Hakeem Jeffries | Speaking for the minority 

A self-described ‘Black progressive Democrat’, the House minority leader keeps his party closely knit while taking on aggressive political rivals

December 04, 2022 01:59 am | Updated 01:59 am IST

With the closest contests of the U.S. midterm elections almost behind them — barring one, the Georgia Senate run-off election on December 6 — there is a palpable sense of relief among Democrats, who managed to cling on to the upper house even if they lost the House of Representatives to the Republicans. With the Senate and White House under their control, a minimum level of progress with their policy agenda is realistically possible.

Yet, Democrats will be watching the lower house closely for adversarial moves designed to discredit the administration of Joe Biden and stall the work of his government on Capitol Hill. This week, they picked the man who would take the fight to the Republicans in the House, and that was New York Congressman Hakeem Jeffries, 52. As Minority Leader, and the first African American to hold that post, Mr. Jeffries steps into the pantheon of Democratic leadership after his predecessor, current Speaker Nancy Pelosi, said she would be stepping down to make the way for the next generation within the party.

So, who is Mr. Jeffries and what is the task that lies before him?

Born in 1970 in Brooklyn, New York, Mr. Jeffries is the son of a social worker and family welfare counsellor. After attending several state schools, he opted to study political science at the State University of New York, Binghamton. Reports say that during his final year at university, he was inspired to enter politics after the acquittal of the police officers who beat African American Rodney King, following which there was widespread rioting in Los Angeles. Nevertheless, post law school, Mr. Jeffries signed up to work with one of New York’s top law firms and then went on to serve as an in-house litigator for CBS and Viacom.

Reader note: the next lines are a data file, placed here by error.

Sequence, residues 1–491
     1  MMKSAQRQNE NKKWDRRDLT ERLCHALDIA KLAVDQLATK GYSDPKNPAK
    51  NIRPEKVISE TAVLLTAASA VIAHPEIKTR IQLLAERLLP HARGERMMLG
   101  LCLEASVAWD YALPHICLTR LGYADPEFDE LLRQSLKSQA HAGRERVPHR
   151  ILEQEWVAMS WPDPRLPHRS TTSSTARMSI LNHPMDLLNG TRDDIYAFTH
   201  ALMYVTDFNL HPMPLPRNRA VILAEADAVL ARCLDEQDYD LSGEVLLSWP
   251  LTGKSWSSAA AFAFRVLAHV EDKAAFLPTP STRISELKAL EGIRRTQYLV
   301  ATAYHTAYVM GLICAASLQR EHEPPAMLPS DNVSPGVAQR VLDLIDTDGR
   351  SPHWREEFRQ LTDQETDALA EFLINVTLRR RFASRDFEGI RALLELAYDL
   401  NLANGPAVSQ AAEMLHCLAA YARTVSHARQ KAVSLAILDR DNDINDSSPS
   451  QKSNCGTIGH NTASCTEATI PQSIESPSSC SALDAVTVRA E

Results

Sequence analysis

Political entry

After two fruitless attempts to enter the New York state legislature, he struck gold in 2006 and held on to the seat for six years. At the time he said he was motivated by a desire to “advance the ball for everyday Americans.”

While that aphorism is a hallmark of the Democratic ethos, the ground reality is that the party today is riven by factionalism and whether in the House or Senate, it would be a balancing act for any Democratic leader to hold the flock together to perform an effective legislative function in Congress.

To that extent, Mr. Jeffries perhaps has some cause for cheer. A self-described “Black progressive Democrat,” he is considered a moderate who does not eschew ties to corporate America like the left wing of the party does — perhaps this means he will struggle to build bridges with the likes of Alexandra Ocasio-Cortez and Senator Bernie Sanders.

Yet, his image as a “big tent” Democrat, a party boss who is fundamentally open to inviting all factions to the conversation, will serve him well as he takes on the likes of Kevin McCarthy, the Republican who hopes to become the Speaker of the House. In fact, he is well attuned to throwing down the gauntlet to the Republican leadership already — Mr. Jeffries was thrust into the limelight when, in 2020, Ms. Pelosi picked him as one of seven impeachment managers who served as prosecutors in erstwhile President Donald Trump’s impeachment trial.

It is precisely this skill set — the ability to keep his party closely knit while taking on aggressive political rivals in the House — that Mr. Jeffries will require through the 118th Congress that begins in early January. His eyes will be fixed firmly on one target alone — securing 218 seats in the House in the 2024 general election.

To achieve this, his task will be two-fold. Firstly, he will have to negate the likely acerbic discourse on the Biden administration by the House Republican majority, including corruption investigations of Mr. Biden’s son, Hunter, and attacks on the performance of the Biden White House in stabilising the economy and asserting American power globally in the wake of the COVID-19 pandemic and the Russian invasion of Ukraine. Second, Mr. Jeffries will have to advocate with ever-greater persistence for the Democratic vision for accelerating the American Dream, which means getting Democrats on Capitol Hill to speak with one voice on critical issues that matter to the ordinary American, including inflation and jobs, immigration, crime, reproductive rights, public health and more.

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